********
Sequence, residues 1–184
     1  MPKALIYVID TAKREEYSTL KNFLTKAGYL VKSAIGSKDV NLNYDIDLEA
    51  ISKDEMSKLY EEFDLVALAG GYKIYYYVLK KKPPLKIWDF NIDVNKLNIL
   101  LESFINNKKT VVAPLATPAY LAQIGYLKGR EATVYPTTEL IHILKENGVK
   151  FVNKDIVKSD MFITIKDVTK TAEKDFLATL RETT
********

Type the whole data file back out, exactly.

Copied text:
Sequence, residues 1–184
     1  MPKALIYVID TAKREEYSTL KNFLTKAGYL VKSAIGSKDV NLNYDIDLEA
    51  ISKDEMSKLY EEFDLVALAG GYKIYYYVLK KKPPLKIWDF NIDVNKLNIL
   101  LESFINNKKT VVAPLATPAY LAQIGYLKGR EATVYPTTEL IHILKENGVK
   151  FVNKDIVKSD MFITIKDVTK TAEKDFLATL RETT